To prove this point, we managed to temporarily convince an Amazon Kindle 3 to play nice with the iPad...


The iPad 2 even snuggles up close to the Kindle 3, to show how they are both so similar in thinness!


But that doesn't last long as the Kindle challenges the iPad to a GLARE FIGHT!

Glare Fight!


iPad: 0 Kindle: 1

Oh dear. The Kindle mops the floor with iPad, even on an overcast day in Seattle, WA. Not good news for iPadders who venture into the sunlight. Of course, reading an iPad outside on a sunny day is as pointless as reading a Kindle with the lights off, but we digress...

...We've stopped digressing, and have to come back to resolution again. It’s not that the iPad’s resolution is low, as we said, but even by comparison to the non-back-lit Kindle the text on the iPad just doesn’t look very sharp. The Kindle has a 6” E-Ink 800x600 display, and it looks very good, very natural and very easy to read, with little aliasing (or stair-stepping) around the letters. We think the Kindle 3 is as close to reading a real book as it gets. With the iPad 2, you’re always aware that you’re reading a computer screen.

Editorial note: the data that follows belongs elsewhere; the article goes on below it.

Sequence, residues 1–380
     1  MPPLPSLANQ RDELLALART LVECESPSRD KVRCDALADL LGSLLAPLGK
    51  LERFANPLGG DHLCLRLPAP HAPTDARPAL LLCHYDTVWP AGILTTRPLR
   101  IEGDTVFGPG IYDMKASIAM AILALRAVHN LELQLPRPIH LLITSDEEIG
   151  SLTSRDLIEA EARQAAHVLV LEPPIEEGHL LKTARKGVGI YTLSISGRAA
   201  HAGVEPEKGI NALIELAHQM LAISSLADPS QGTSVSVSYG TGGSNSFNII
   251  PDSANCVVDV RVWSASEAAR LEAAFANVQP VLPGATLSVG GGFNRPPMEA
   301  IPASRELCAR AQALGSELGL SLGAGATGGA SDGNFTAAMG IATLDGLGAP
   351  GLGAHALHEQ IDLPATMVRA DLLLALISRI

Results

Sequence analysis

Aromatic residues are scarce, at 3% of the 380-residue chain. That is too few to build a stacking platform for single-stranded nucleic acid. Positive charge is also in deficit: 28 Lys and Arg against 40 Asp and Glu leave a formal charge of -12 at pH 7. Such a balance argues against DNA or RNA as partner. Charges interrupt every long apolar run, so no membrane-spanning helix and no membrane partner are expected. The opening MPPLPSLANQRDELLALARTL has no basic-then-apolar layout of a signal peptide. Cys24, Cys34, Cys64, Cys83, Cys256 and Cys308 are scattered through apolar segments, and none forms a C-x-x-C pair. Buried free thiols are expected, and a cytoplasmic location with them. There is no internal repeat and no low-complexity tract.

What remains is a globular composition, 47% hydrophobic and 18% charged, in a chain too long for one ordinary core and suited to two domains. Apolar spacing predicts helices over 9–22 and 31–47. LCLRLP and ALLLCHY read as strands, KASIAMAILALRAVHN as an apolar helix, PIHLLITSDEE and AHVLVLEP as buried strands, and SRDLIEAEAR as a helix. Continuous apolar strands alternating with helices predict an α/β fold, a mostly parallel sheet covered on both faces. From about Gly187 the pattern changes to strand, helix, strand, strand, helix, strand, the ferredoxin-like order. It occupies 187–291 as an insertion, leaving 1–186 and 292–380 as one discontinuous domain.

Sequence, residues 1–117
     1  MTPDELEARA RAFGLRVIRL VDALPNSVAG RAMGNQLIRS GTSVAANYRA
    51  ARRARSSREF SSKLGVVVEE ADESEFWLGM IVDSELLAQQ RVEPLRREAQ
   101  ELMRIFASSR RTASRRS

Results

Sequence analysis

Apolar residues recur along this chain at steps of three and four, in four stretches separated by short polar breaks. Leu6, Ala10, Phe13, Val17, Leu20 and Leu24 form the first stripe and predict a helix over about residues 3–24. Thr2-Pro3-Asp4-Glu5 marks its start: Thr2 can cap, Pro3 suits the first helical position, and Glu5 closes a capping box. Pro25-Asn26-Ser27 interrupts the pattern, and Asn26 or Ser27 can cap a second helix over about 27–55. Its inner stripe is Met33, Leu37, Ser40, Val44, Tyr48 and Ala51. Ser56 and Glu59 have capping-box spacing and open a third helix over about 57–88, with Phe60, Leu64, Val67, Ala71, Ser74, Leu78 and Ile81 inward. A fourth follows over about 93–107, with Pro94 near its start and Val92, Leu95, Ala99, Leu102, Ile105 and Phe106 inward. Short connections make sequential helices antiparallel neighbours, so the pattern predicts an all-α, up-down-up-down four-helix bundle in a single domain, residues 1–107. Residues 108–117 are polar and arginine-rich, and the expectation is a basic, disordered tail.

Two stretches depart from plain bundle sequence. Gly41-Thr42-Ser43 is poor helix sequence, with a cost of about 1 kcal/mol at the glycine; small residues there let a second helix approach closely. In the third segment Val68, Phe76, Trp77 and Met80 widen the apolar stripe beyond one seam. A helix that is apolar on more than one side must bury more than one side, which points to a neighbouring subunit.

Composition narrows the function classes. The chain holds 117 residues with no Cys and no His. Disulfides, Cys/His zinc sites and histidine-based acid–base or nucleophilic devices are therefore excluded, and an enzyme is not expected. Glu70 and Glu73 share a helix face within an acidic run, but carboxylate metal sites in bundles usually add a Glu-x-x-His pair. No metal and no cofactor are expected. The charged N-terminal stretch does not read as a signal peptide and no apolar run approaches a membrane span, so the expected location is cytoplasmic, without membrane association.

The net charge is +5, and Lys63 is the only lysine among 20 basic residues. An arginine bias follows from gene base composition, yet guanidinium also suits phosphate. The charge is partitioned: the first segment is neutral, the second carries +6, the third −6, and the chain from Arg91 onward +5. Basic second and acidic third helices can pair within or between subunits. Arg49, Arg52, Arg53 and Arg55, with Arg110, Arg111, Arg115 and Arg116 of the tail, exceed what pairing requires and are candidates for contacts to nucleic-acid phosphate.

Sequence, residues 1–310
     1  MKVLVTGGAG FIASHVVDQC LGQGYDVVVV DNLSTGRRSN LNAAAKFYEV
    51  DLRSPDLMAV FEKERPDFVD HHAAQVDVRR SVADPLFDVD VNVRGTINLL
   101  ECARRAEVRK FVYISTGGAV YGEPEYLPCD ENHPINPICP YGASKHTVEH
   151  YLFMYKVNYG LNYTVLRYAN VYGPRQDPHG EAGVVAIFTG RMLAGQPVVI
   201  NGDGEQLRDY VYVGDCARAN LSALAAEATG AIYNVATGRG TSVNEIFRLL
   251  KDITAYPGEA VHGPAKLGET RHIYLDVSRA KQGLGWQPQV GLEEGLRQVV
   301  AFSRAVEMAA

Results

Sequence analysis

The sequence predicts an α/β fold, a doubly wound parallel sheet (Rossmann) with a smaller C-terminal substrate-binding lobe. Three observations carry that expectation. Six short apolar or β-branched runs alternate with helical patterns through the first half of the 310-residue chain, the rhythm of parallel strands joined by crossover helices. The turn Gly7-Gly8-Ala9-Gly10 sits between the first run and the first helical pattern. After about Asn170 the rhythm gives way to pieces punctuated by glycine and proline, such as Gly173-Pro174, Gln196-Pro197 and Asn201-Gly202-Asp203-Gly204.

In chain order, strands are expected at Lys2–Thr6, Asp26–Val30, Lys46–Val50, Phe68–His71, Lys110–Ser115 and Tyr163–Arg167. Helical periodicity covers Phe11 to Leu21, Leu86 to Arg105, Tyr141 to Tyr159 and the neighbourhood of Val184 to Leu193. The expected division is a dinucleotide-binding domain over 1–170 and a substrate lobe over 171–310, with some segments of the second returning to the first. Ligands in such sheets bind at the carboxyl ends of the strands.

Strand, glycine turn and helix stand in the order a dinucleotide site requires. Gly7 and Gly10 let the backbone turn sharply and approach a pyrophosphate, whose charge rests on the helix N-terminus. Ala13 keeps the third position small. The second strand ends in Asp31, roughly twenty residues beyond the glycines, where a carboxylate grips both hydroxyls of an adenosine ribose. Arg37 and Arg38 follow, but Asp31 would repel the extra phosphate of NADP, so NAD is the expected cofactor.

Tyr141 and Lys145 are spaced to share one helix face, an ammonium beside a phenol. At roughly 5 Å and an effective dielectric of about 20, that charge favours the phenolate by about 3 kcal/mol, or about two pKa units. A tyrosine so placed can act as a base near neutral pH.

Here is a page from The Girl Who Stepped in Poo (one of those titles, anyway). 


As you can see, when you go close-up on these “pages,” the Kindle shows a smoother, and much more natural-looking font.

For us, we'll stick with the lightweight, mostly glare-free Kindle for any real book reading. We don't believe this is one of the iPad's fortes, despite the slick iBooks app.

Photo Booth and FaceTime

New for iPad 2 are some fun camera-related apps. It’s unfortunate that the focus (pun intended) is on the camera, because as we stated before, they’re not very good.